Exposure of young children to household water lead in the Montreal area (Canada): the potential influence of winter-to-summer changes in water lead levels on children's blood lead concentration

Drinking water represents a potential source of lead exposure. The purpose of the present study was to estimate the magnitude of winter-to-summer changes in household water lead levels (WLLs), and to predict the impact of these variations on BLLs in young children. A study was conducted from September, 2009 to March, 2010 in 305 homes, with a follow-up survey carried out from June to September 2011 in a subsample of 100 homes randomly selected. The first 1-L sample was drawn after 5 min of flushing, followed by a further 4 consecutive 1-L samples after 30 min of stagnation. Non-linear regression and general linear mixed models were used for modelling seasonal effects on WLL. The batchrun mode of Integrated Exposure Uptake Biokinetic (IEUBK) model was used to predict the impact of changes in WLL on children's blood lead levels (BLLs). The magnitude of winter-to-summer changes in average concentrations of lead corresponded to 6.55 μg/L in homes served by lead service lines (LSL+ homes) and merely 0.30 μg/L in homes without lead service lines. For stagnant samples, the value reached 10.55 μg/L in 'LSL+ homes' and remained very low (0.36 μg/L) in 'LSL- homes'. The change in the probability of BLLs ≥5 μg/dL due to winter-to-summer changes in WLL was increased from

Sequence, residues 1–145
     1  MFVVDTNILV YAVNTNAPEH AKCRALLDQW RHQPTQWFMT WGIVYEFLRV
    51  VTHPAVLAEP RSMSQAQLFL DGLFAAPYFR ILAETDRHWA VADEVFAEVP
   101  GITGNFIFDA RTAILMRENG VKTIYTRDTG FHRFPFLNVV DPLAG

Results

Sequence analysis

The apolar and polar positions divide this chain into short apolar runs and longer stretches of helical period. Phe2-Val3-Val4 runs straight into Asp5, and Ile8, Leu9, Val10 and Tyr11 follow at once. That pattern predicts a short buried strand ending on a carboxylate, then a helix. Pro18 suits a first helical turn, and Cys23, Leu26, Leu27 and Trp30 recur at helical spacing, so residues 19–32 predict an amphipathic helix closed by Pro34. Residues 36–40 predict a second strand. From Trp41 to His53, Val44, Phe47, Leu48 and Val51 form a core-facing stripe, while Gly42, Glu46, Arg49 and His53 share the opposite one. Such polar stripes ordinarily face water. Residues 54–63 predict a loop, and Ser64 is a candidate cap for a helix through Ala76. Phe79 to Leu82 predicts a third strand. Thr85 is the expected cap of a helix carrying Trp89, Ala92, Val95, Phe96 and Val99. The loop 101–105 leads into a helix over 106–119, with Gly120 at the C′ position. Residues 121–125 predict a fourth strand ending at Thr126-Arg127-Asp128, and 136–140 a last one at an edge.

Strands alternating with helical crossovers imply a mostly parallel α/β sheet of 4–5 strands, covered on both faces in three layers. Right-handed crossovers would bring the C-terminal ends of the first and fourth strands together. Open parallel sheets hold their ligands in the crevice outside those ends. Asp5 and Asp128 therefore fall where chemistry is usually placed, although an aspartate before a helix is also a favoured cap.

Auteurs (Zotero)
Ngueta, G.; Prévost, M.; Deshommes, E.; Abdous, B.; Gauvin, D.; Levallois, P.
Date de publication (Zotero)
décembre, 2014